Exclusive: India seals deals to export 60,000 tons sugar to Iran

NEW DELHI Mon Mar 19, 2012 10:36am EDT

1 of 2. A laborer unloads sacks of sugar from a truck at a wholesale food market in the western Indian city of Ahmedabad in this August 13, 2010 file photo. Indian traders have struck deals to export 60,000 tonnes of raw sugar to Iran for March-April delivery, three trade sources said on March 19, 2012, marking their first sales of the sweetener to Tehran since western sanctions were tightened at the start of 2012.

Credit: Reuters/Amit Dave/Files

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NEW DELHI (Reuters) - Indian traders have struck deals to export 60,000 tons of raw sugar to Iran for March-April delivery, three trade sources said on Monday, marking their first sales of the sweetener to Tehran since western sanctions were tightened at the start of 2012.

The exports are within the ceiling of two million tons of sales already allowed by New Delhi under the open general license (OGL) scheme.

"Traders have contracted exports of 60,000 tons of raw sugar to Iran and the first vessel of 19,800 tons is being loaded at a Mumbai port," a source with the Indian unit of a global trading company told Reuters.

Confirming the deal, another source said Iran would receive the entire quantity between "now and end-April."

They said Iran could buy more sugar from India, the world's top consumer and the biggest producer behind Brazil.

"Until September, Iran needs to import about 324,000 tons of raw sugar," the first source said.

Iran is expected to import 1.6 million tons of sugar in the 2011/12 year, according to the International Sugar Organization (ISO), around 31 percent of the global surplus of 5.17 million tons estimated by the London-based agency.

The Islamic nation bought 1.8 million tons of the sweetener in calendar 2010, the ISO said.

New Delhi and Tehran have set up a mechanism to use the rupee, which is not freely traded on global markets, for 45 percent of oil dues and to pay Indian exporters in order to skirt western sanctions.

India is Iran's second-biggest oil client after China, buying around $11 billion a year, but its own exports to Tehran are worth only about $2.7 billion.

A delegation of Indian exporters has just returned from a trip to Tehran which aimed to boost overseas sales and partially redress the imbalance in trade between the two, but with no major success.

The sugar export deal, however, is in dollars through Dubai-based middlemen, the sources said.

Iran is increasingly finding it difficult to pay in dollars for its crude oil exports, its major foreign currency earner, as the United States and the European Union tighten financial sanctions in an attempt to curb its nuclear ambitions.

As an alternative, Iranian buyers are channeling import payments through unofficial routes involving several layers of middlemen based in Dubai.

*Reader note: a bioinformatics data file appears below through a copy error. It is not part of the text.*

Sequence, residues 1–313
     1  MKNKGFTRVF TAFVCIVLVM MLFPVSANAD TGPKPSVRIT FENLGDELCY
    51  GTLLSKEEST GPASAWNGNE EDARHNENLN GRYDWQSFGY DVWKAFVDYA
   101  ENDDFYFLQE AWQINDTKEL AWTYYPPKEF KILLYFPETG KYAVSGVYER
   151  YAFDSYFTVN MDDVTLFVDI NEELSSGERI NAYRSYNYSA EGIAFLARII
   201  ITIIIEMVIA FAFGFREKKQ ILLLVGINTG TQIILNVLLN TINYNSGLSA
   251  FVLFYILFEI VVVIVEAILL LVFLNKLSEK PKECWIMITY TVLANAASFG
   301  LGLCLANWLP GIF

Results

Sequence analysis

Rice exporters from India, Iran's top supplier of the grain, have used the same route but some buyers in the Islamic nation have defaulted on payments.

For the sugar sales, Indian exporters have already received payments from the middlemen involved, these sources said.

Indian sugar mills produced 21.2 million tons of the sweetener between October 1 and March 15, up 14 percent from a year earlier and total output is expected to top 25 million tons. Demand is estimated at around 22 million tons for the year.

The government is considering allowing exports of another 0.5-1 million tons of sugar because of the higher output, after permitting two million tons so far in the 2011/12 season.

(Editing by Jo Winterbottom)

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Comments (2)
Logical123 wrote:
This news would be insignificant except for the stupid sanctions on Iran. India and South Korea are actually increasing their oil imports from Iran too. In fact, Iran increased its crude oil exports in January to the highest level since December 2008. One should ask President Obama how the sanctions on Iran are working. Does he still dream about a world without Iranian oil? He should go back to school and learn what (1 + 1) is.

Mar 19, 2012 11:43am EDT  --  Report as abuse
sumitron_2k wrote:
expecting countries like India to comply is difficult because of heavy reliance on Iranian oil. Though India would not like to be on the wrong side of US they cannot just shut their doors on iranian oil due to heavy reliance. Also the refineries in india are geared towards oil from iran.If US does want India to stop buying iranian oil they have to provide an alternative. Another thing from indian perspective is they would not like to put all eggs in some middle east basket which might have good terms with say pak

Mar 19, 2012 6:13pm EDT  --  Report as abuse
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